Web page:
**The following is an excerpt from the novel I’m working on, Common Street Secret, in response to a prompt from TipsyLit.
Synopsis: Vincent Gallows, a middle-aged psychology professor, suffers from restless nights and immobilizing migraines triggered by dreams. Pressure from the university administration has led him to find new material for his lectures. After a bit of research, he finds his mother’s name on an employee roster at the City Insane Asylum in New Orleans, LA. His discovery causes his dreams to get worse, yet somehow he gains more clarity. The new puzzle of their meanings ultimately driving him mad, Vincent becomes determined to solve the mystery of his mind. He makes a trip to New Orleans to try to find more in depth case files from the mysterious patients of the doctor in his dreams. His life-altering discovery is a killer!**
The screaming is incessant around him. Something has gone horribly wrong. He can feel tension creep into his bones. The air buzzes with the excitement of the residents. He is running, the dirt floor muffling the slap of his wing-tipped feet. He yells for others to move out of his way, shoving those too catatonic to heed his warning. One man’s head hits the wall with a deep resounding thud. The Doctor doesn’t stop. He has to get to her. He knows he will pay dearly later, but it can’t be helped. He hurries on his path, turning sharp corners with reckless abandon. The Sister is not far behind, pausing only to direct others to clean up the destruction left in his wake. He stops dead outside the door. The Doctor tastes bile in his throat and his eardrums bleed as he takes in the shrieking erupting from the room before him. He places a crestfallen hand on the knob and turns…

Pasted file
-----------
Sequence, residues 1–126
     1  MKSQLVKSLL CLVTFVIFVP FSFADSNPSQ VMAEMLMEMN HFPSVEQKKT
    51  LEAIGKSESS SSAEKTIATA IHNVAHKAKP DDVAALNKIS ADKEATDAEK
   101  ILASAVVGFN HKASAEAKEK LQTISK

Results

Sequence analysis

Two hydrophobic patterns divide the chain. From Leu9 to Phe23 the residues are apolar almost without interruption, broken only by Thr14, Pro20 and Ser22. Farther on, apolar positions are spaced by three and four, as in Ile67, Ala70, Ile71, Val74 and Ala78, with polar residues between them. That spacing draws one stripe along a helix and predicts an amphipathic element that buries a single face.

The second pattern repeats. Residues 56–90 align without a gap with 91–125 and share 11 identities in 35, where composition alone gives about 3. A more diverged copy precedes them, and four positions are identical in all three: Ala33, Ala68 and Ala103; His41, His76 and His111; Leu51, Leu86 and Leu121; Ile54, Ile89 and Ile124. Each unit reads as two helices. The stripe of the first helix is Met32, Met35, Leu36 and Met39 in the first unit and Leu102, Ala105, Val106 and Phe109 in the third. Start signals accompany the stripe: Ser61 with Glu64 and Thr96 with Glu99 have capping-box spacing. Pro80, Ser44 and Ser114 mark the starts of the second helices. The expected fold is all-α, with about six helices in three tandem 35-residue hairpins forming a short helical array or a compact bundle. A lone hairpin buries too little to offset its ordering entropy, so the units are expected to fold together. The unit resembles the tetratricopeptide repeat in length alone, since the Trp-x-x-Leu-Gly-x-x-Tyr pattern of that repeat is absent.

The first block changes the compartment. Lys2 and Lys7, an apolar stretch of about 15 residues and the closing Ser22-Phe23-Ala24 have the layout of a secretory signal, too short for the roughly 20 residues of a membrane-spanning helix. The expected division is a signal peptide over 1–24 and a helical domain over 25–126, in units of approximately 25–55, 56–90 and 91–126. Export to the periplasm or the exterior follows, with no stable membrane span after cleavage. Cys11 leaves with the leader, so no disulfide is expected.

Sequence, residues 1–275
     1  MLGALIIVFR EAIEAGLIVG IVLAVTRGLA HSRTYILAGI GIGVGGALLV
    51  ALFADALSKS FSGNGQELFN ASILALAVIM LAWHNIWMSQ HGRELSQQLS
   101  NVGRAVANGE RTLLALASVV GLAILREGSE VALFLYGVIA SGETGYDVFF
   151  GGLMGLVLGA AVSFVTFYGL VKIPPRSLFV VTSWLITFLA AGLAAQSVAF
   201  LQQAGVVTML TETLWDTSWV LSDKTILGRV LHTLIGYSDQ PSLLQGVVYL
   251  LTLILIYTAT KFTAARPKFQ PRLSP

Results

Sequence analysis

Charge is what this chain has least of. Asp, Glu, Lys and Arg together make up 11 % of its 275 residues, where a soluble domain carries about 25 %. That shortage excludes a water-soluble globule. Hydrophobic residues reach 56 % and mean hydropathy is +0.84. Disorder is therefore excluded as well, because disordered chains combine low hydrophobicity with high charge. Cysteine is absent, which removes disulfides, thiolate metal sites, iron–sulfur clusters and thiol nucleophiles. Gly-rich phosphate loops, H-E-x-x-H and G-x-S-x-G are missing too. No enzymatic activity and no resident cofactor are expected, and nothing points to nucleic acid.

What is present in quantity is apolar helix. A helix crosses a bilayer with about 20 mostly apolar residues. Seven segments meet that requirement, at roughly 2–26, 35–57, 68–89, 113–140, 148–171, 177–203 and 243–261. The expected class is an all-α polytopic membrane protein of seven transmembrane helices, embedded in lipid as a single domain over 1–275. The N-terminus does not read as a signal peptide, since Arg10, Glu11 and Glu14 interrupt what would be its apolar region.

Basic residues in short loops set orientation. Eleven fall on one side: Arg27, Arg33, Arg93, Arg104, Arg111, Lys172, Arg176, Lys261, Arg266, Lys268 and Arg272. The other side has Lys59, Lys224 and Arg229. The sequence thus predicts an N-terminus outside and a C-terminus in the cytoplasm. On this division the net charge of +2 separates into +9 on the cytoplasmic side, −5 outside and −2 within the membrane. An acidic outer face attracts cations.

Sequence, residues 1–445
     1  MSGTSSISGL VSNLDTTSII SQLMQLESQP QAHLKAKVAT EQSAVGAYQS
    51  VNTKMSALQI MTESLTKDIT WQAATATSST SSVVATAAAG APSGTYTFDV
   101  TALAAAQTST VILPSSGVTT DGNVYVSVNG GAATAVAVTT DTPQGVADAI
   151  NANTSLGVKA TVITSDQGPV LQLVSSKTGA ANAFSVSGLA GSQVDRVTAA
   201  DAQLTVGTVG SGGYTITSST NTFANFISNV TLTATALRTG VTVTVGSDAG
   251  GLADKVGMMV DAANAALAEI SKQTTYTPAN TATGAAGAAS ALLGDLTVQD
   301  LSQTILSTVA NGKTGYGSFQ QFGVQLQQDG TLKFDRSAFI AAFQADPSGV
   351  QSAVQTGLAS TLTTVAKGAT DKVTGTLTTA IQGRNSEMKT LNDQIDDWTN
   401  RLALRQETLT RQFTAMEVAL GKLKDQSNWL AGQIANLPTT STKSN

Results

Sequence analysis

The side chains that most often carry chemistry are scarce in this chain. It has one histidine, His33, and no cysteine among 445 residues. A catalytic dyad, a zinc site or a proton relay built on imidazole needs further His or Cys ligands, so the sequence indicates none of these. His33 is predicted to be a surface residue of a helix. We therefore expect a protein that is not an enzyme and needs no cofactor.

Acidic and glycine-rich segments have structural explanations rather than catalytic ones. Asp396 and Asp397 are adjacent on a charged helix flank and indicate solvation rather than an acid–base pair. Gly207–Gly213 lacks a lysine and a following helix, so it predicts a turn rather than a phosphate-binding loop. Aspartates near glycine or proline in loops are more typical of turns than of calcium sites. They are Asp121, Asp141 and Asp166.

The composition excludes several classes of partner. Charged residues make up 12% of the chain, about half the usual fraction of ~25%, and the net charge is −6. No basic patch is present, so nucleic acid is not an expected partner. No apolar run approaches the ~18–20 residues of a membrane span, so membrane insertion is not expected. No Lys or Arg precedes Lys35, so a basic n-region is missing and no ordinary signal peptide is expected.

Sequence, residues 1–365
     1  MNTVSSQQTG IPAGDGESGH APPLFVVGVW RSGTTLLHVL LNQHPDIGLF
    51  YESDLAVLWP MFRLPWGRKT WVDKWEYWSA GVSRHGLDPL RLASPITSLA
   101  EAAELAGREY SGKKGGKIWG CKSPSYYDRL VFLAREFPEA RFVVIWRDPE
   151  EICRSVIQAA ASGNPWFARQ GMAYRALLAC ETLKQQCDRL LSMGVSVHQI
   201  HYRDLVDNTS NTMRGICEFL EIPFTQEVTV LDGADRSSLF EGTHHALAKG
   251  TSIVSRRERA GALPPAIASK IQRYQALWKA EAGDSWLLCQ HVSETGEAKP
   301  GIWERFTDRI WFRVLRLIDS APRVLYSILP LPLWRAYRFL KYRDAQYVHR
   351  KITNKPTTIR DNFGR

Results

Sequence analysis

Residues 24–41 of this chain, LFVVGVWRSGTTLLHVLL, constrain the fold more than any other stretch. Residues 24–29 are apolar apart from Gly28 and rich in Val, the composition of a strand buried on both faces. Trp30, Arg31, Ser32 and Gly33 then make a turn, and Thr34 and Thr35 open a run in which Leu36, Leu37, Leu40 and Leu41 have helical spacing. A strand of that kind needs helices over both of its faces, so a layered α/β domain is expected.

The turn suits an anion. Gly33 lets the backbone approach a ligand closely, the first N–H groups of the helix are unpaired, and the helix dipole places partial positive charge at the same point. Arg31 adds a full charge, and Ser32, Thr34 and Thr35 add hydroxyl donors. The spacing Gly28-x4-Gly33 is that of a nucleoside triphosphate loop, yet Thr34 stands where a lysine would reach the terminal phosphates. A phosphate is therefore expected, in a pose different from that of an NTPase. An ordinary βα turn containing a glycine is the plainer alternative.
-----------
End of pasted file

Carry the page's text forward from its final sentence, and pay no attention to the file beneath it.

Vincent awoke to pain so blistering that the stark light of the desk lamp temporarily blinded him. He clinched his eyelids in hopes to regain some of his vision. The pain eased with each passing second. When he was finally able to form conscious thought, he realized he was still at the library. Pages from various books stuck to his face as he gingerly lifted his head. The darkness of the room let him know it was well after hours. He glanced indolently at his watch. 11:53 pm. His bones aching from the awkward sleep, he moved to stretch his feeble body. In his incoherent stupor, he knocked various books and files to the floor. He slumped to his knees to gather the strewn pages.
Sorting through them, a name caught his eye. Caroline Byrnes. Frozen, staring at the offending name, Vincent prayed it was a coincidence. He began tearing through the strewn sheets searching desperately. The page was a part of the employee log to the New Orleans City Insane Asylum. The name in question belonged to none other than Vincent’s estranged mother.
He was seven years old when his father took his mother away. Her mind had been weak, like that of a small child. Caroline Gallows, formerly Caroline Byrnes, used to be a strong woman, a devout churchgoer, and a loved member of the community. That is, until the day she received the letter. Even after all these years, Vincent still did not know what the letter that caused his mother’s breakdown contained.
They found her one evening, stripped bare and glistening with sweat in front of the stone fireplace, laughing hysterically as the letter burned between her fingers. When Vincent had tried to go to her, his father wrapped his iron arms around his waist and quickly locked him away in his room. The fear in his father’s eyes was terrifying, haunting him still. He watched through the keyhole as his father carried his mother up the stairs, her cackle ripping through the air. He could hear her repeating in harsh, mocking tones, “The Doctor will see you now,” sending her into another round of hysterics.
The next morning, Thomas Gallows loaded his precious Caroline into the family car and drove away. He didn’t speak of her much after that, but Vincent often heard his tearful prayers late at night. In college, he had tried to visit his mother. The event horrified him so thoroughly that he could not bring himself to go back.
Vincent stared back down at his mother’s name. A chill ran down his spine, but he knew what he had to do. He was going to see his mother.